There was no Aryan invasion and no Aryan migration. All the developments, right from the hunting-gathering stage to modern times in South Asia, were the handiwork of indigenous people, announced Vasant Shinde, an archaeologist with Deccan College, at a press conference. He co-authored the paper, An Ancient Harappan Genome Lacks Ancestry from Pastoralists and Iranian Farmers, with Niraj Rai and others in the scientific journal Cell. In an interview over email, Tony Joseph, the author of "Early Indians: The Story of Our Ancestors and Where We Came From," tells Siddhartha Mishra about the implications of the study, the provenance of our ancestors and what press reports got wrong about the research.
At the press conference, Niraj Rai proposed an ‘out of India’ migration theory that flies in the face of most of what we know so far. Is this contention acceptable?
By ‘out of India’, if you mean that some Harappans travelled to neighbouring civilisations and cultures such as Bactria-Margiana Archaeological Complex (BMAC) or Shehr-i-Sokhta, with whom they had trade and cultural links, then it is accurate and unsurprising. We have known for a long time that there have been trade and cultural contacts between Harappans and neighbouring civilisations.
But if by ‘out of India’, you mean large-scale migration of prehistoric Indians to the west, spreading culture and language all the way up to Iceland, then I am afraid there is not a shred of evidence for it in any of the published genetic studies. In fact, two recent papers, in Cell and Science, emphasise that migrations from Central Asia, first into Europe and later into India, are what spread Indo-European languages. The two studies argue that these migrations explain why Indo-European languages are spread all across Eurasia.
Here are actual, direct quotations from the papers themselves. The first one is one from the paper published in Cell (which is based on the ancient DNA sample from Rakhigarhi) This is what that paper says about migrations from the Central Asian Steppe that brought Indo-European languages to India between 2000 BCE and 1500 BCE:
"However, a natural route for Indo-European languages to have spread into South Asia is from Eastern Europe via Central Asia in the first half of the 2nd millennium BCE, a chain of transmission that did occur as has been documented in detail with ancient DNA. The fact that Steppe pastoralist ancestry in South Asia matches that in Bronze Age Eastern Europe (but not Western Europe) provides additional evidence for this theory, as it elegantly explains the shared distinctive features of Balto-Slavic and Indo-Iranian languages".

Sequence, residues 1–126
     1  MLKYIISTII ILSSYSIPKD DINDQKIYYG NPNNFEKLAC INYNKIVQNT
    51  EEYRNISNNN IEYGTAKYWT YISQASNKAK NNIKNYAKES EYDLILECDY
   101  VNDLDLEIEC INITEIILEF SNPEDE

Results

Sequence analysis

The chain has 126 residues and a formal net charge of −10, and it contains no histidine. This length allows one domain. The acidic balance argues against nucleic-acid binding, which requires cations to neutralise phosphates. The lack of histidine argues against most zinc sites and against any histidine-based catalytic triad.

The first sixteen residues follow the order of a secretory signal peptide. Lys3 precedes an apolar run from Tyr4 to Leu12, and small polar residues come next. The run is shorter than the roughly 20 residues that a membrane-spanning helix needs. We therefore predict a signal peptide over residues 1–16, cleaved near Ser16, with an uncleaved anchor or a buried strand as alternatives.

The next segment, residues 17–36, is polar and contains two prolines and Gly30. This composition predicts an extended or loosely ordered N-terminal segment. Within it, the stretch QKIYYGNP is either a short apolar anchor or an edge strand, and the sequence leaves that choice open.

And here is an equally unambiguous and clear statement from the study published in Science a few days ago, titled: "The formation of human populations in South and Central Asia": "Using data from ancient individuals from the Swat Valley or northernmost South Asia, we show that Steppe ancestry then integrated further South in the first half of the 2nd millennium BCE, contributing up to 30 per cent of the ancestry of most modern groups".
So it is clear, without even a shadow of a doubt, that both the studies support the migration of Central Asian pastoralists who brought Indo-European languages to India, between 2000 BCE and 1500 BCE.
Can one extrapolate the genome sequence from a single individual to make claims? Should the researchers have waited for more samples?
We now have not one but 12 samples of ancient DNA from Harappan people—one from Rakhigarhi and 11 from Harappan migrants whose skeletons were found in Shehr-i-Sokhta and Gonur (which is part of BMAC). The conclusions we have arrived at from these 12 samples are robust: one, that Harappans were a mixture of Iranians and First Indians (the earliest modern humans in India, the out-of-Africa migrants, who reached the subcontinent around 65,000 years ago); and two, Harappans had no Steppe ancestry, which most Indian populations today have. This means the Steppe ancestry entered India after the decline of the Harappan Civilisation. In other words, the Steppe pastoralists, or the Arya, were not present in the subcontinent when the Harappan Civilisation was thriving.